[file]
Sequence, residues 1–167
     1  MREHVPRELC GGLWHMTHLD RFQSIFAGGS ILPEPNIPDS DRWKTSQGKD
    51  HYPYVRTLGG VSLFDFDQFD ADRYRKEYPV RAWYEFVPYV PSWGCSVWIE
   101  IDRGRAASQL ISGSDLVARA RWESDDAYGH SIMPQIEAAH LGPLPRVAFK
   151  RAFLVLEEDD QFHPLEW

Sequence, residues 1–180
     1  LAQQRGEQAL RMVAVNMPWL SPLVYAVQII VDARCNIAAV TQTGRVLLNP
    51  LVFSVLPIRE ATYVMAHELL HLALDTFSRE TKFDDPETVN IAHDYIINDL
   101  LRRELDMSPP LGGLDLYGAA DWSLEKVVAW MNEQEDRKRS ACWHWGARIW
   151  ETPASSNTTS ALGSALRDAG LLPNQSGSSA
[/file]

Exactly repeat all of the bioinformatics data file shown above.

Sequence, residues 1–167
     1  MREHVPRELC GGLWHMTHLD RFQSIFAGGS ILPEPNIPDS DRWKTSQGKD
    51  HYPYVRTLGG VSLFDFDQFD ADRYRKEYPV RAWYEFVPYV PSWGCSVWIE
   101  IDRGRAASQL ISGSDLVARA RWESDDAYGH SIMPQIEAAH LGPLPRVAFK
   151  RAFLVLEEDD QFHPLEW

Sequence, residues 1–180
     1  LAQQRGEQAL RMVAVNMPWL SPLVYAVQII VDARCNIAAV TQTGRVLLNP
    51  LVFSVLPIRE ATYVMAHELL HLALDTFSRE TKFDDPETVN IAHDYIINDL
   101  LRRELDMSPP LGGLDLYGAA DWSLEKVVAW MNEQEDRKRS ACWHWGARIW
   151  ETPASSNTTS ALGSALRDAG LLPNQSGSSA